Audi RS3

Powerful 4WD flagship is set to shake up the class.

German giant Audi has a strong track record when it comes to high-performance heroes. Ever since it turned the sports car sector on its head with the pioneering Quattro coupé in 198o, the brand has lead the way with a series of turbocharged, four-wheel-drive flagships.

*Watch our video review of the Audi RS3*

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The latest addition to the line-up is the RS3, which looks set to be one of the hottest hatchbacks ever. Based on the practical A3 Sportback, it combines the thumping 335bhp turbocharged 2.5-litre five-cylinder engine from the TTRS with the firm’s famed all-wheel drive system.

However, unlike the aggressively styled 1 Series, the RS3 features a more low-key look. The biggest clues to its racy flagship status are the subtly flared wheelarches, deeper front air dam, large tailgate spoiler and chunky 19-inch alloy wheels.

As with other S and RS Audis, it gets trademark silver door mirror housings. And buyers wanting to attract a little more attention can opt for a customised paint finish, for a huge £2,450 extra.

Sadly, none of these changes can disguise the slightly dated lines of the current A3, which made its debut in 2003.

It’s a similar story inside, where the RS3 is clearly starting to show its age. There’s nothing wrong with the excellent fit and finish, while all the materials have a high-quality look and feel. But the design and layout of the dash is behind the times. Some owners will also find the high-set driving position is at odds with the car’s racy status.

At least you get plenty of standard kit to distract you from the old-fashioned interior. You’d expect leather seat trim and climate control, but Audi has also thrown in sat-nav and heated chairs – specify these extras on the 1M, and they add a hefty £2,275 to the price tag.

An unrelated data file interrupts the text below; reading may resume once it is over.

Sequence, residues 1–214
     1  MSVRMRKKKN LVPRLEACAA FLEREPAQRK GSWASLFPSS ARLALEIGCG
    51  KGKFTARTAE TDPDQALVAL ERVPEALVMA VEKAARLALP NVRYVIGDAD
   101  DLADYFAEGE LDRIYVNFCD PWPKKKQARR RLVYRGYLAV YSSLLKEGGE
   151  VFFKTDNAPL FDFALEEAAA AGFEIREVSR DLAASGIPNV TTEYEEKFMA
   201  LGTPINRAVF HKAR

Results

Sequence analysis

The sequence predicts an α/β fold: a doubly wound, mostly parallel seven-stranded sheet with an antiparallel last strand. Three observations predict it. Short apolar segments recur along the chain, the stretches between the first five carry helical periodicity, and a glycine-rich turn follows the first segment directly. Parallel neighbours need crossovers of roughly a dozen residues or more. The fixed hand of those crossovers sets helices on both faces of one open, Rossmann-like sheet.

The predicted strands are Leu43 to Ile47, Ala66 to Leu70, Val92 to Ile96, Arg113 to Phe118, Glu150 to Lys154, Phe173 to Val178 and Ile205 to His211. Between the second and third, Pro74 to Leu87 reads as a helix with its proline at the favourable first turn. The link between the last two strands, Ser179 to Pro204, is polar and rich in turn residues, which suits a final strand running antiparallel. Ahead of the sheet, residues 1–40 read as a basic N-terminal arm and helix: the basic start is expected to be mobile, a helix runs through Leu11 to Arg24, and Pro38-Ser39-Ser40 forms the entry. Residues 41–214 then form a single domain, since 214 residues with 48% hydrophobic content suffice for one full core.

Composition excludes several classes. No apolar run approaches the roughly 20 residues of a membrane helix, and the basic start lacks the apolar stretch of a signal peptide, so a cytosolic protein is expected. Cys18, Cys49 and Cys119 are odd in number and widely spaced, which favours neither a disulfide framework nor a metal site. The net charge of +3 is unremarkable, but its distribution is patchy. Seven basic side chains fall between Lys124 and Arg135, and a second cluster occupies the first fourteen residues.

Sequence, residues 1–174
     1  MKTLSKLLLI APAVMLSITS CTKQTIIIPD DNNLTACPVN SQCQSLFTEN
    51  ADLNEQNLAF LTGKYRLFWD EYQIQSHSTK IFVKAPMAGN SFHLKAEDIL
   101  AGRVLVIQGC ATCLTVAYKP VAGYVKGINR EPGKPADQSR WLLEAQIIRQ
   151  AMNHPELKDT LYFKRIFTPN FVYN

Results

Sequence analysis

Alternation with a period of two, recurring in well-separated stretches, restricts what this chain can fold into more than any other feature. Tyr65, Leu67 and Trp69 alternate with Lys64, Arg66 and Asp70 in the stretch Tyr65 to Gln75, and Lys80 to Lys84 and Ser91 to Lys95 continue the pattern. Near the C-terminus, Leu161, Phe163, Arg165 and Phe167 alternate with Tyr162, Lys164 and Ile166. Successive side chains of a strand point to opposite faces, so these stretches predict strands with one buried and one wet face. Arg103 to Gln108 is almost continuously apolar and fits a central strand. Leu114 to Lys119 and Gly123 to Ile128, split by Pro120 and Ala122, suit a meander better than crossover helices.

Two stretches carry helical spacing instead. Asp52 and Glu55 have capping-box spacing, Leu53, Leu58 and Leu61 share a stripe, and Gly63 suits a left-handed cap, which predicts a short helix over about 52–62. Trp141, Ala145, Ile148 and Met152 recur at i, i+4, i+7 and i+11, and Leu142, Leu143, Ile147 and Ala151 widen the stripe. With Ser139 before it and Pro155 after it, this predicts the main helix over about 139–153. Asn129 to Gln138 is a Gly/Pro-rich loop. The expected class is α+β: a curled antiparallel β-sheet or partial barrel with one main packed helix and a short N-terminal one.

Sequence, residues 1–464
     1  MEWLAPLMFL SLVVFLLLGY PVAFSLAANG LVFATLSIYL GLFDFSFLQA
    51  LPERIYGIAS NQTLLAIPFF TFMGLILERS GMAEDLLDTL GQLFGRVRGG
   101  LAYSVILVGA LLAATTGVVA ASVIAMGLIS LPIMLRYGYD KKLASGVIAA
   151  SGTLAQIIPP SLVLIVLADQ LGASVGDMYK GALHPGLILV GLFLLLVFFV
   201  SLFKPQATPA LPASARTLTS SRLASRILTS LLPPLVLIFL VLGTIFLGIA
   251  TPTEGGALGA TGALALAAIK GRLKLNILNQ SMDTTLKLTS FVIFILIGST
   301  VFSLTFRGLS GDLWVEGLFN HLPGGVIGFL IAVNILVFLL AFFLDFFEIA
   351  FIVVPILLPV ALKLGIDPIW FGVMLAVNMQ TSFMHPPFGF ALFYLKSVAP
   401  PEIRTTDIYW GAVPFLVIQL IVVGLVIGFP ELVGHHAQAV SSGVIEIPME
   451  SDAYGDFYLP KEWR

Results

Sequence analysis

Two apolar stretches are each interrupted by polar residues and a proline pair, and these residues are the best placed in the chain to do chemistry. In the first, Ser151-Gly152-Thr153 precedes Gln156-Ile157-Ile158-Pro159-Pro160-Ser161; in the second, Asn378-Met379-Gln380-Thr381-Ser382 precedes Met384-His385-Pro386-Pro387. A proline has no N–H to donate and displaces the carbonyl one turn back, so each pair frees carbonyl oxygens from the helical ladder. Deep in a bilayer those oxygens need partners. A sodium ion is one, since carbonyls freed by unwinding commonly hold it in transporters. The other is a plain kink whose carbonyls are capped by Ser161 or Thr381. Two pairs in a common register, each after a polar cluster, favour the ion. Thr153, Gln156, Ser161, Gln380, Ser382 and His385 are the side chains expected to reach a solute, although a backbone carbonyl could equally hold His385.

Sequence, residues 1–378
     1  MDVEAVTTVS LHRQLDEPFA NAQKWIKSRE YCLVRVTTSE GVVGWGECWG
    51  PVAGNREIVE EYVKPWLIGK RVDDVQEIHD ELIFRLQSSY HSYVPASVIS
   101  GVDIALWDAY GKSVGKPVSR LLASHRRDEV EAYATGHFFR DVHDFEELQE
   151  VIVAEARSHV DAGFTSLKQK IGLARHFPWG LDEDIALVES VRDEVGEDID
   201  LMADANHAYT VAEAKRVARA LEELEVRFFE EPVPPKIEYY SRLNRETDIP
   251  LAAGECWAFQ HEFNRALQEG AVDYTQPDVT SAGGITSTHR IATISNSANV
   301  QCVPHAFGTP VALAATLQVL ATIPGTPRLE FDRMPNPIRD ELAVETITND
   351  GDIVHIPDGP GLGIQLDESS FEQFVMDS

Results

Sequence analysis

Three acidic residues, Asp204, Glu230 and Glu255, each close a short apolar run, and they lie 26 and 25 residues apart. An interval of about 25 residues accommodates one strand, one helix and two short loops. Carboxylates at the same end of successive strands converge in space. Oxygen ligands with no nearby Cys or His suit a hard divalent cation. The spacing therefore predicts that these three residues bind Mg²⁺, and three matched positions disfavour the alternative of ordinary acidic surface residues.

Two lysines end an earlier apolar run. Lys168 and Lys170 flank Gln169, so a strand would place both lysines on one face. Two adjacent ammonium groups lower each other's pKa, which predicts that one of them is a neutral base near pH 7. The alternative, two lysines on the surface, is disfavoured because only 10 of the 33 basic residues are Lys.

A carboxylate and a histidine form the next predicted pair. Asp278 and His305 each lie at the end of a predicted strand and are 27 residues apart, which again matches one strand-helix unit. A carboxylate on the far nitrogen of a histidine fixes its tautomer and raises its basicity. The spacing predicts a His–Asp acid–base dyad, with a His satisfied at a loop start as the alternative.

The RS3 also beats its rival in terms of versatility, thanks to its useful five-door hatchback layout. And although the 302-litre load bay is the smallest here, folding the rear bench flat liberates a healthy 1,032 litres of space.

Unlike its rivals in this test, the Sportback is also a genuine five-seater, while its upright bodywork means rear occupants get a decent amount of head and legroom.

If the Audi’s practicality is impressive, then its straight-line pace is jaw-dropping. The combination of four-wheel-drive traction, a rapid-fire twin-clutch gearbox and launch control meant it turned in a supercar-humbling display at the track. 

The Sportback blasted from 0-60mph in only 4.4 seconds – that’s a full three-tenths faster than the 1M. But it’s the ease with which it delivers this figure that’s truly impressive. Simply engage Sport mode on the S tronic transmission, hold the car on the brakes with your left foot and floor the throttle.

The hi-tech electronics determine the correct engine revs, so when you release the pedal, the Audi leaps off the line with neck-snapping violence. Better still, it will repeat this feat time after time without fuss. 

In the real world, this scorching pace from a standing start isn’t especially relevant, but the combination of unbreakable traction and knock-out punch is always reassuring when you’re pulling out

of wet junctions or overtaking on rain-soaked single carriageways – situations that have the 1M’s traction control system working overtime.

So, the Audi is devastatingly fast, but can it combine this with driving fun on a twisting back road? The initial impressions are certainly promising. Prod the Sport button on the dash, and throttle response is sharpened, plus a valve opens in the exhaust system to create a deeper and more menacing soundtrack.

As you’d expect, the RS3 has huge reserves of grip, while the compact dimensions and direct steering mean it feels extremely agile. However, the major controls lack the perfect weighting and communicative feedback of those in the 1 Series. 

This feeling is exaggerated by the S tronic twin-clutch box. 

It delivers slick shifts in auto mode and via the steering wheel-mounted paddles, but it’s not as satisfying to use as the 1M’s traditional manual.

Still, we have no complaints about the RS3’s characterful five-cylinder powerplant, which mixes punchy delivery with a spine-tingling soundtrack. As the 2.5-litre unit revs to its red line, the off-beat howl from the exhausts is reminiscent of Audi’s legendary Group B rally cars from the Eighties.

The five-door is also the most comfortable long-distance companion, despite a firm ride. Road noise is well insulated, and the slick box serves up smooth automatic shifts. 

On top of all this, the Audi has price on its side. It weighsin at £39,930, yet comes better equipped than the more costly 1 Series Coupé. But will this be enough to earn victory against such a talented opponent?

Details

Chart position: 2WHY: Audi’s ruthlessly fast RS stable has a thoroughbred new addition. The RS3 matches incredible all-wheel-drive traction with explosive turbocharged five-cylinder power.

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